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Archive for December, 2010

David Macey describes the postmodern era as; ‘The transition from modernity to postmodernity..is usually assumed to be governed by some form of social or economic change’  (Macey pg.308)

Modernity offered society an economical progression, the development of industrys and technology to the emancipation of human kind. Just as the Enlightenment, the period of modernity is a grand narrative. A period that attempted to enforce a universal knowledge. For Lyotard grand narratives such as the Enlightenment are being abolished by post modern scepticism.

This scepticism Lyotard talks off is evident in Walter Benjamins The Work of Art In The Age of Mechanical Reproduction. Benjamin illustrates a change in perception of art in a modern era where he illustrates a mass culture art, reproduction is used to churn out art work. This suggests a movement away from the later elitist high art where ‘artfullness’ was appreciated. Post modern forms of art instead intent to critique the modern, or use archive to reproduce earlier images. This reproduction was evident in this years Frieze Art Fair.

This piece of art work exhibited at Frieze uses the traditional geometric shapes of an islamic carpet to recreate a western skyscraper emerging from the pattern. What differentiates modern art is a sense of its uniqueness or authenticity through its experimentation. Postmodern forms of art offer an intertextuality of mediums and a reflection on the modern, such as pop art. Pop art employs the images of popular culture to create a bricolage. Postmodern art has a tendency to relate back to the modern, which could question the era as a fundamental break. Did it fail to produce an original shift in art?

In an era of postmodernity are perceptions of progress are continually changing, it attempts to critique the modern development yet is in fact a grand narrative itself.

Bibliography:

Macey.D. 2000. Dictionary of Critical Theory.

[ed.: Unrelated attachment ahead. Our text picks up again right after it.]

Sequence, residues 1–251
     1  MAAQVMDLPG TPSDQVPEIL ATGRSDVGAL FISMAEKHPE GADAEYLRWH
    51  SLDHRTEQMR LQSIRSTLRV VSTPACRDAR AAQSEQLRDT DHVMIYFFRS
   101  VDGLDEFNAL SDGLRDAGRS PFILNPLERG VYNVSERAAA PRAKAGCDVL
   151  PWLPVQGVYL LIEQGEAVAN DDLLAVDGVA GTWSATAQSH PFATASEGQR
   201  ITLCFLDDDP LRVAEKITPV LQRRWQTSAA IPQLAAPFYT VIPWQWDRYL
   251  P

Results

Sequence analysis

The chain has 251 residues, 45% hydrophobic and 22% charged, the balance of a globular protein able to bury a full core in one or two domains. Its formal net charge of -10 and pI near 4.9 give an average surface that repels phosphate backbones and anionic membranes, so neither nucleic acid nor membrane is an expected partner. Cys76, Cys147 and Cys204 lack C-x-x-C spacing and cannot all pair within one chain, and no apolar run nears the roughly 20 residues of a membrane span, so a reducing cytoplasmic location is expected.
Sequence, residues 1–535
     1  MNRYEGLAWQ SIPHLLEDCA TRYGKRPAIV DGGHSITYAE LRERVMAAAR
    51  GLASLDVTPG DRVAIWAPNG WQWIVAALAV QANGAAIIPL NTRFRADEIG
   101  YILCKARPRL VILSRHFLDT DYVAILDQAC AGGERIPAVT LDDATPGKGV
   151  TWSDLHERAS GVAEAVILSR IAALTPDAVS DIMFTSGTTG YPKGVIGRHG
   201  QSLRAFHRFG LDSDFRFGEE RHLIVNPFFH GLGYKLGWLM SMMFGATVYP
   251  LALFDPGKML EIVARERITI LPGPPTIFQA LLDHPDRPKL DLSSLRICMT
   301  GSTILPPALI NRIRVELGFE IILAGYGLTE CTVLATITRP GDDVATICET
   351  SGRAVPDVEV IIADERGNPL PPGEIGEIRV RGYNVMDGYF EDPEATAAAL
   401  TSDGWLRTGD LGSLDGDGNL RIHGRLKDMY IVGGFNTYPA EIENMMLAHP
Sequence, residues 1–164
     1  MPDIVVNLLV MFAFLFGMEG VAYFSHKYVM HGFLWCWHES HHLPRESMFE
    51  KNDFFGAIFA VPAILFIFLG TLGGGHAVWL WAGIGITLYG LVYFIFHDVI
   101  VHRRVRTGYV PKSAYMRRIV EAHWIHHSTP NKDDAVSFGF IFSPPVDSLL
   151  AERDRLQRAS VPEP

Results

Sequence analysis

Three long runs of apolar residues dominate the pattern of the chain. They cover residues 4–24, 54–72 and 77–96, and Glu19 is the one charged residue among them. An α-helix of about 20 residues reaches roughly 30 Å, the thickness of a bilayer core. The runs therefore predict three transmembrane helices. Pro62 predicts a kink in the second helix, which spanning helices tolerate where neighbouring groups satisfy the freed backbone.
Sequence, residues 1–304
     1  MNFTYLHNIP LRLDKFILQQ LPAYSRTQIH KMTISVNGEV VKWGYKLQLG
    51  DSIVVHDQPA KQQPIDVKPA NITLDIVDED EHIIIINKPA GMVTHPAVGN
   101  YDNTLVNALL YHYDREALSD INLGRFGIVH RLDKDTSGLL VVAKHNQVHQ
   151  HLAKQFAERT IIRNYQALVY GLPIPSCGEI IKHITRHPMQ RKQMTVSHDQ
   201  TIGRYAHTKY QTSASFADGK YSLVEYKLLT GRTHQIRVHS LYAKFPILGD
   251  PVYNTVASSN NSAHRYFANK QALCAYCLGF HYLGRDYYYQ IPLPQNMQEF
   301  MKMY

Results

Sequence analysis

http://www.wired.co.uk/photos/wired-places/2010-10/15/frieze-art-fair-2010#!image-number=15. Accessed 20.12.10.

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Sigmund Freud describes psychoanalysis in three manners. The first is the idea of the unconscious, secondly a treatment of neurotic disorder and lastly a broad reasoning of scientific discipline.

Psychoanalysis is evident in early Hitchcock films. Hitchcock uses the theme to portray a love story in Spellbound (1945), the objections shown through the narrative is to create balance and restore mental illness.

Our story deals with psychoanalysis, the method by which modern science treats the emotional problems of the sane. The analyst seeks only to induce the patient to talk about his hidden problems, to open the locked doors of his mind. Once the complexes that have been disturbing the patient are uncovered and interpreted, the illness and confusion disappear…and the evils of unreason are driven from the human soul.’ (spellbound, Hitchcock.)

Spellbound explores themes central to Freudian concepts. One of these is the Oedipus Complex, this theory explains a childs sexual attraction towards his mother and jealously towards the father. Spellbound portrays this through suppressed desire and guilt of the protagonist.

‘the debate between psychoanalysis has been long and often acrimonious. Although it begins with the discussions of the so-called phallic stage of development that took place in the 1920’s and 30’2 it took on a new importance in the 1970’s as question of gender and its reproduction came to the fore and as feminists such as Juliet Mitchell reacted against the anti-psychanalytic stance taken by many of the early spokeswomen for women’s liberation.’ ( Macey. pg.316)

Juliet Mitchell uses psychoanalysis to describe a liberation of penis envy. Penis envy is a freudian concept that a girl recognises her absence of a pensis as a lack. undoubtedly much feminist criticism has evolved around the theory. Mitchell explains that this theory is the root cause to women having a lack of inferiority in society.

Hitchcock’s films often include the concepts of the gaze. A term used by both Sartre and Lacan. In Hitchcock’s film an audience is invited to take a male gaze upon the leading ladies, the women are constructed as objects of desire. Lacan describes the gaze in his theory of the mirror phase where the subject gazes at the object and senses it gazing back, the subject lured into the image of the object. This subject is equally relatable in contemporary media, women are constructed as an object to portray an ideal image for the male to take his gaze. In Laura Mulvey’s Visual Pleasure and Narrative Cinema she uses psychoanalytical framework to depict a gender relationship. She argues that hollywood cinema positions audiences in a male point of view, while they relate to the male protagonist they gaze at a female subject of desire.